Network Toolkit – Where to place taps, multiple single taps or a single tap with multiple ports to use

The downside to using a Ethernet TAP is that you have to have a momentary disruption on a network when you install or remove a TAP. If you need to use one in a longer term situation, an outage shouldnt be a problem. For long term situations such as putting in an IDS or IPS you probably wont be moving the tap. Where to place the TAP will depend on what you need to watch. Monitoring the traffic crossing a Trunk connection may be a bit overwhelming because of the amount of traffic that you will have to filter through. You will also need a very clean laptop in terms of install applications to keep as much of the CPU free as possible to allow it to capture as efficiently as possible. If you have to capture large amounts of data and dont have the most powerful of laptops, you may want to look at learning the cli version of Wireshark so you can reduce as much of the overhead normally associated with the GUI so that it can capture as much of the traffic on the wire as possible.

Capturing in front of and behind the router that interfaces to your ISP, in front of and behind your firewall and in front of one or more of the servers in your server farm are just some of the locations that you may need to watch on a periodic basis. Moving the TAP from place to place is not only a hassle but keeps a series of outages present on your network. It also draws attention from the users and or management that something is either going on or there is a problem on the network that doesnt seem to go away. In this case, you either need a series of TAP’s to so that you can watch at any of the points you need to when you want to which can be very expensive. If that is the case, you may want to look at a multi-port tap that allows you to watch multiple points on your network without having to move a network cable or a TAP. With a multi-port TAP, you access the TAP using a console session or management program and logically move the “monitoring” port of the TAP to the connection you want to watch without having to be in the room or even in the same building.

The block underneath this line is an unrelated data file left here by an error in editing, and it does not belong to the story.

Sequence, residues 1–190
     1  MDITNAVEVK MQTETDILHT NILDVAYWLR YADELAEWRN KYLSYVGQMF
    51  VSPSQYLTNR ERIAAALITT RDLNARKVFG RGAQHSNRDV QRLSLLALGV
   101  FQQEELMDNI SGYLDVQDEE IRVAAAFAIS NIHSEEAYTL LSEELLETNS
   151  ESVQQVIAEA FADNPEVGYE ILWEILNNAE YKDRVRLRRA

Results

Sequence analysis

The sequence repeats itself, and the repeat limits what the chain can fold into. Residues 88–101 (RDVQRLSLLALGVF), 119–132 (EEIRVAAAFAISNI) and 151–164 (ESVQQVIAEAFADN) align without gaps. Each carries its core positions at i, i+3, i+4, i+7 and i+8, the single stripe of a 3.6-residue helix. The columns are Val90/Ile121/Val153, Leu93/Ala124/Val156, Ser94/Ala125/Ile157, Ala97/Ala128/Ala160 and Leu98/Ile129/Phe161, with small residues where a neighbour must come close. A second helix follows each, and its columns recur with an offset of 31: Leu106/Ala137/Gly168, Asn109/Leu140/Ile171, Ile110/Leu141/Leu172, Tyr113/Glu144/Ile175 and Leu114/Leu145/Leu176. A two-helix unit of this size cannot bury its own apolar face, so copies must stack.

When looking at where you may need a TAP, don’t limit yourself to a TAP that monitors a copper connection and sends the data to a copper based monitoring port. When TAP’ing into a fiber port, it isn’t likely that you will be able to monitor the traffic with a fiber network card. In this case, you can look at a TAP that is a combination TAP/Media converter. In this way, you can monitor fiber based connections when you need to but still use a copper based monitoring system. As with all fiber type connections, you will want to make sure that you have the correct fiber tab for the type of fiber that you want to watch. Trying to monitor a long haul fiber connect (Cisco switches use a LH type laser SFP with a SX (short haul) capable fiber tap probably wont get you any data that you can use. If you are surent what type of fiber that you have or what fiber TAP will be best to use, this is a area where the vendor whose fiber TAP’s you want to buy should be more than glad to help.

If you decide to acquire a multi-port TAP, look thoroughly at all the places where you might want to be able to monitor at some point. Prioritize all of the locations in one of three categories – need it now, nice to have and future potential. Try to equally divide the points in the network that you would like to monitor in the different groups. This will help you identify the type of multi-port TAP that you may need to acquire. Another thing to consider is the ability to “grow” the TAP you are looking at. What I mean by that is can you add additional modules or capacity to the multi-port TAP or can you connect an additional chassis to the one that you started out with. With 10 Gig speeds and higher starting to become common on some networks, does the TAP you are looking at have the ability handle those speeds and what type of filtering ability does it have so that you are trying to shove 10 lanes of network traffic down a one lane country road. This is where a multi-port tap such as the NetOptics Director will come in handy. With this type of switch, you can mix and match the types of ports that you need on your network.

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